It may be noted that, adjacent the edge 114, the piece 112 terminates and the inwardly directed flange 118 commences at a distance spaced inwardly from the edge 114, so that the flange 118 is spaced well clear of the C-section socket 113. The edge 114 of the piece 111 is projected forwardly a small distance to provide an extension 114a which closes the gap except for a small clearance between the flange 114a and the forward face of the flange 118. Similarly adjacent the edge 123, the flange portion 131 extends from an edge of the piece 112 spaced inwardly from the edge 123, and there is a small flange extension 123a on the piece 111 that closes the gap except for a small clearance between the flange 131 and the end of the flange 123a. Preferably, the exterior of the pieces 111 and 112 is fluted with longitudinally extending rectangular section grooves as seen in FIG. 11, and the above noted clearances between the flanges 113a and 118 on the one hand and between flanges 131 and 123a on the other are of the same width as and coincide with the spacing of the grooves, so that the vertically extending gaps resulting from these clearances are concealed, at least from casual inspection.
In the preferred form, as best seen in FIG. 11, the L-section piece 111 has integrally extruded inwardly extending retaining flanges 134, these flanges 134 inclining laterally inwardly from respective limbs of the L and extending coplanar or substantially coplanar with one another while leaving a gap or spacing between their ends. Conveniently before applying the pieces 112a, 112b and 112c to the continuous section 111, the column member is provided internally with a power and data receptacle and outlet box 136 that may be attached with its planar rear surface abutting on the flanges 134 and secured thereto with fasteners passed through the flanges 134 along the lines of the axes indicated by broken lines 137 in FIG. 11. A conduit 138 of insulating material, for example plastic, may be run down the space on the inner side of the corner 122 rearwardly of the flanges 134 and terminated at the receptacle block 136 in the usual manner to enable cables carrying power and data to be run down the column member from a ceiling connection.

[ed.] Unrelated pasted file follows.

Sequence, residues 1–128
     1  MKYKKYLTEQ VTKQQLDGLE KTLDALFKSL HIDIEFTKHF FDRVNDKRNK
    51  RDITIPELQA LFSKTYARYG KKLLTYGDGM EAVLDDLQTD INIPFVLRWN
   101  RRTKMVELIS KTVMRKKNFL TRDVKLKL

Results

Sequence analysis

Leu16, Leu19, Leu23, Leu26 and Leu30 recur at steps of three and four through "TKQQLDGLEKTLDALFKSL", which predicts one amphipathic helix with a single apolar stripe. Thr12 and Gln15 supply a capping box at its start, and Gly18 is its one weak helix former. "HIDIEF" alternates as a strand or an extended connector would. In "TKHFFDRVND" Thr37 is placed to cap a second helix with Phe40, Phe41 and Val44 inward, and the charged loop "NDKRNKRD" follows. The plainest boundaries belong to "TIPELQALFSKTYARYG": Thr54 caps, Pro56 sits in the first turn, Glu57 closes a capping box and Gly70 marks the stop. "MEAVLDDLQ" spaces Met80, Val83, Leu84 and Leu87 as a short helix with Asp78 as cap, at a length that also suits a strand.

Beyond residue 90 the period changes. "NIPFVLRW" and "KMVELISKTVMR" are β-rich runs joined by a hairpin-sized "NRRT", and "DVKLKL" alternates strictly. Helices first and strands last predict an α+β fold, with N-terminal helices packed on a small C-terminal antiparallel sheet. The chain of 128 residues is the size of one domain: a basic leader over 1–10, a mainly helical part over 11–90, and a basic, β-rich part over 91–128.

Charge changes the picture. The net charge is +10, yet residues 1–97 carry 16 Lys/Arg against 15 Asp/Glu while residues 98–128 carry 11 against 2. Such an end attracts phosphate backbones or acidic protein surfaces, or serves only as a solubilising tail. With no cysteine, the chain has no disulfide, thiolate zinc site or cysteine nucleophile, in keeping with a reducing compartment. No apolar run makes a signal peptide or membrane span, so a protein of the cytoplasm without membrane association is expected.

FIG. 9 shows the column member 110 connected at its lower end to a stabilizing square floor plate 138 which rests on or may be attached to the floor surface, the plate 138 being of somewhat larger dimensions than the cross-section of the column 110. The plate may be provided with holes in registry with the screw bosses 126, 127, 128 and with the interior of the screw boss interior of the hinge portion 116, and may be connected to the lower section with screws passed upwardly through the plate and threaded into the above mentioned screw bosses. This connection also serves to retain the lower section 112b in closed position relative to the continuous extruded piece 111.
A similar plate preferably apertured may be connected to the upper end of the column member 110 and serves to retain the upper section 112c against opening relative to the L-section piece 111.
In use, in order to access the receptacle block 136 a user of the workstation 11 can open the section 112a by applying hand pressure to a face of the section 112 adjacent the catch member 131 in order to deflect the catch member 131 inwardly sufficiently for the stepped portion 132 to clear the limb 133, after which the section 112a can be swung open to the position shown in broken lines in FIG. 11. If it is desired to disconnect from the receptacle 136 and close the section 112a, on closing movement the latch portion 133 rides over the outer side of the limb 133 and deflects the catch portion inwardly and on further closing movement the step portion 132 snaps over the limb 133 to retain the piece 112a in the closed position, as seen in solid lines in FIG. 11.
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|WO2002102189A3 *||Jun 17, 2002||May 15, 2003||Miller Herman Inc||Furniture system|
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|U.S. Classification||108/121, 312/223.6, 108/50.02|
|International Classification||H02G3/04, A47B21/00|
|Cooperative Classification||A47B21/06, H02G3/0493, H02G3/0418, A47B3/0917, A47B2021/066|
|European Classification||A47B3/091D, H02G3/04A3, A47B21/06|
|Feb 27, 2001||FPAY||Fee payment|
Year of fee payment: 4
|Apr 27, 2005||REMI||Maintenance fee reminder mailed|
|Oct 7, 2005||LAPS||Lapse for failure to pay maintenance fees|
|Dec 6, 2005||FP||Expired due to failure to pay maintenance fee|
Effective date: 20051007